Go to Loro. Now. In three years, this place will be so embedded in the Austin psyche it will seem like it’s existed forever. You want to be able to brag, “Aw, man, I remember when that place was new.” Open since March, this brilliant mash-up of pan-Asian flavors and Texas barbecue occupies a new but very believable facsimile of a big old Texas dance hall in a grove of live oaks on South Lamar. Outside, picnic tables fill up the deck as people mill around, hoping to claim an empty swing; inside, they gather at long tables and blond wood booths, chatting and watching sports on a smattering of TVs over the bar. There are five ordering stations, so the lines move right along (one recent Tuesday at 7:30 we waited twenty minutes—but it can easily be longer). As most locals know, Loro is a collaboration between two of the most famous chefs in Texas: Tyson Cole, chef-owner of the modern-Japanese Uchi group, and Aaron Franklin, chef and founder of Franklin Barbecue. The result is an Asian-tinged smokehouse where judiciously chosen sweet/salty/sour condiments counterbalance the deep, earthy flavors of smoked meats. If you’re looking for something to share around the table as an opener, consider the Indonesian batter-fried corn patties called perkedel jagung, accompanied by sriracha aioli. For something a little less sweet, there are oak-grilled sugar snap peas with a kimchi dipping sauce. Both of these are perfect with Loro’s two signature drinks: sake slushies and frozen gin and tonics. Properly fortified, you can get serious with brisket (available after 5 p.m.), stupendously tender, deeply crusted slices that owe much to the efforts of on-site pitmaster Bram Tripp. A chile-tinged sweet-sour sauce gives it character. Feeling piggish? Try the satisfying rice bowl with lovely roasted and grilled pork shoulder char siew seasoned with Loro’s house hoisin sauce. (A lot of the Asian dishes and treatments come courtesy of chefs Jack Yoss and James Dumapit, who migrated over from Uchi’s parent company.) There’s only one fish dish on the menu, but it’s terrific: smoked salmon with cucumber-yuzu broth. In fact, the whole menu is short—22 dishes in all, not counting dessert. But that’s more than enough.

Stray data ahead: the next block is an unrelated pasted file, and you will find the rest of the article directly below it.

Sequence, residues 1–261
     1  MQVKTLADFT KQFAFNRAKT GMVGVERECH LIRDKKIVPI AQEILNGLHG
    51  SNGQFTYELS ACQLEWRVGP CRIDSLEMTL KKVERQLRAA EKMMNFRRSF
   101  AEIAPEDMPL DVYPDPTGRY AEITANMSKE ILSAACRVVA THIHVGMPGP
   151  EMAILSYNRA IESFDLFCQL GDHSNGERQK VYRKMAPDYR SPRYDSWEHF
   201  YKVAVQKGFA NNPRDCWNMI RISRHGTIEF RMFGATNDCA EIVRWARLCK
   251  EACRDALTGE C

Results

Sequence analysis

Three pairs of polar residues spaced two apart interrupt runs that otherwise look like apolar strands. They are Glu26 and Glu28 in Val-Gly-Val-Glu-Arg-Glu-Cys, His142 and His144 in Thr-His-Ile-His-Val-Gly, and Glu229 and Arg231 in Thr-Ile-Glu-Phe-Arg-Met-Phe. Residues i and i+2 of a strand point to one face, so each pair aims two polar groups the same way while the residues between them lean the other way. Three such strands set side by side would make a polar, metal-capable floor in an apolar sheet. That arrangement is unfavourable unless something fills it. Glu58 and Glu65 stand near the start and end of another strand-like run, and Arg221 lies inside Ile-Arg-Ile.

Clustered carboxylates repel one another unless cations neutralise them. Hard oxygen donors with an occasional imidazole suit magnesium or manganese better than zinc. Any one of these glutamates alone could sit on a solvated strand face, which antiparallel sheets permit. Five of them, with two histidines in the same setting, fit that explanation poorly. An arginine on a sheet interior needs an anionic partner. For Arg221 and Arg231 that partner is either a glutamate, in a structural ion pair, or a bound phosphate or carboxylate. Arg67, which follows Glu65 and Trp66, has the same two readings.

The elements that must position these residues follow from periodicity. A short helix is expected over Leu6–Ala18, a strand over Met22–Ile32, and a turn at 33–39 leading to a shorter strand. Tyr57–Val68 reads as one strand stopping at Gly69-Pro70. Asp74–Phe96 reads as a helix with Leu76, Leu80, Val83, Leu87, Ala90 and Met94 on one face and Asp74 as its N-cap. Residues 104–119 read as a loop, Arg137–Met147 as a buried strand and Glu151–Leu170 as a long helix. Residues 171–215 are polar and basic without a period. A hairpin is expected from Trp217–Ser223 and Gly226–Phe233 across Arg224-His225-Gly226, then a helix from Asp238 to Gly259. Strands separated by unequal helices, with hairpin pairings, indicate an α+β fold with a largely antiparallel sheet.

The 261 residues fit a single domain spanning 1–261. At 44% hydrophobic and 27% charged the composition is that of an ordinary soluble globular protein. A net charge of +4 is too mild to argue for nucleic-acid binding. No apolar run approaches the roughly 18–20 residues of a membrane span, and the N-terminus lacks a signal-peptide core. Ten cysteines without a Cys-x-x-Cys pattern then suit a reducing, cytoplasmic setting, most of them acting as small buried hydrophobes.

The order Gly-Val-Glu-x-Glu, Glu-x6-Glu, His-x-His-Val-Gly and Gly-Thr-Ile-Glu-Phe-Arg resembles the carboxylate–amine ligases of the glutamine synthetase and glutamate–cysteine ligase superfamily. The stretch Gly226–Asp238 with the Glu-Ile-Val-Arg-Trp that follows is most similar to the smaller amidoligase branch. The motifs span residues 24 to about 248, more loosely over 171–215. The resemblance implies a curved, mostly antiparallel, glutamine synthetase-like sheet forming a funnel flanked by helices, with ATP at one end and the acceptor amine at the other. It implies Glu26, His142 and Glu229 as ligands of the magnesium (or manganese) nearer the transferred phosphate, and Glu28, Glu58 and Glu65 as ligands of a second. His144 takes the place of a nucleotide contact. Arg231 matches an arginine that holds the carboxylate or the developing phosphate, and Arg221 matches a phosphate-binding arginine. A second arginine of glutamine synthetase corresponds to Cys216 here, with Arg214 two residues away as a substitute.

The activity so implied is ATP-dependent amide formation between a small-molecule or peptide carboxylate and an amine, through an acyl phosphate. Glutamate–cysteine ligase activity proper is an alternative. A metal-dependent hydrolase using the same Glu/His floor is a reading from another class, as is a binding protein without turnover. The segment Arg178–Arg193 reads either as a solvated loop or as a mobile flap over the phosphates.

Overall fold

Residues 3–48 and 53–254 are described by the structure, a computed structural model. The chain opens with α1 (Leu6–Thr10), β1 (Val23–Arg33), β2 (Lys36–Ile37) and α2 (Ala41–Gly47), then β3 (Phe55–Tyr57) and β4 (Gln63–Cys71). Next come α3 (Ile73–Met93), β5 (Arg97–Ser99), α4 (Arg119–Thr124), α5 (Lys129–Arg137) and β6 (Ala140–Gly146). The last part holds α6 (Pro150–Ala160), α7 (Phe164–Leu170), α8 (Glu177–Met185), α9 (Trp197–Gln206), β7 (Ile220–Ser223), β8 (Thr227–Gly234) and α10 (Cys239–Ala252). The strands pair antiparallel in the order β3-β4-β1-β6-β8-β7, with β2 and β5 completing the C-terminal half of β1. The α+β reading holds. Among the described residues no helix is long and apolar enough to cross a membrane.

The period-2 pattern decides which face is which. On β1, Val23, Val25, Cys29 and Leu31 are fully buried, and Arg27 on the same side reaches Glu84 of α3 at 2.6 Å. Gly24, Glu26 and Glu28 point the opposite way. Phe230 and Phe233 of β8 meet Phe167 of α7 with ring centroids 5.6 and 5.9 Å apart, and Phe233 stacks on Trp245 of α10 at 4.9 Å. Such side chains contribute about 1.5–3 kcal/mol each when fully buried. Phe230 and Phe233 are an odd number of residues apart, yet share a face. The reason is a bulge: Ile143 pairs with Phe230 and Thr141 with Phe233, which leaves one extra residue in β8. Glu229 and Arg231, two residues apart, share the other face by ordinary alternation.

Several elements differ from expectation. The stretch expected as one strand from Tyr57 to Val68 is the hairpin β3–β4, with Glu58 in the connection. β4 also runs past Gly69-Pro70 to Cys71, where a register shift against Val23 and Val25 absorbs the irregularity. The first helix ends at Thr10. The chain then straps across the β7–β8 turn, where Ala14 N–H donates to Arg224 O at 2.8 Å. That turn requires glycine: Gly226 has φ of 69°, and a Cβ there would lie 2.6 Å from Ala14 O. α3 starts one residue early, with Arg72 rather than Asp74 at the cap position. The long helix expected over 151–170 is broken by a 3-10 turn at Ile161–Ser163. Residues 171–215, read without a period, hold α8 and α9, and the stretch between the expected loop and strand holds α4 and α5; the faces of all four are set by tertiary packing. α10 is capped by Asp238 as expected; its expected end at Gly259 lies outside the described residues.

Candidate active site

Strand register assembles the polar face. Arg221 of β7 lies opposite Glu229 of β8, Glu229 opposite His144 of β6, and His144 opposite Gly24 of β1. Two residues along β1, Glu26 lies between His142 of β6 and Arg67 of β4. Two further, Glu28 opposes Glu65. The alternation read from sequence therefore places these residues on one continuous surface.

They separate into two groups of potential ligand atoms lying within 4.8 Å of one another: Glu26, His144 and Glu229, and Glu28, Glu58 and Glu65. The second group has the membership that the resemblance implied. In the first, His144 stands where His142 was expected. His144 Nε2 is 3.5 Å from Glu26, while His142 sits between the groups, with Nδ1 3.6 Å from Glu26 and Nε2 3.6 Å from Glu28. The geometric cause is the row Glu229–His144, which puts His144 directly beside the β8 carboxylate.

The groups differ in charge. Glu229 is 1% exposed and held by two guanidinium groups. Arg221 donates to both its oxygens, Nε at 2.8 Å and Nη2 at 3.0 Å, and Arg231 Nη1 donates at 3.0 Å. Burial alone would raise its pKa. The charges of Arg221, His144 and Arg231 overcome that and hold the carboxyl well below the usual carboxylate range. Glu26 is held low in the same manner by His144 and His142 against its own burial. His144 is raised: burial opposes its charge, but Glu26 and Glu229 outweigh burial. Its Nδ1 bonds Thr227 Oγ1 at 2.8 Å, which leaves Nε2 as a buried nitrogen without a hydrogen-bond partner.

It’s not the meal you’d find at Franklin Barbecue. That’s not a bad thing.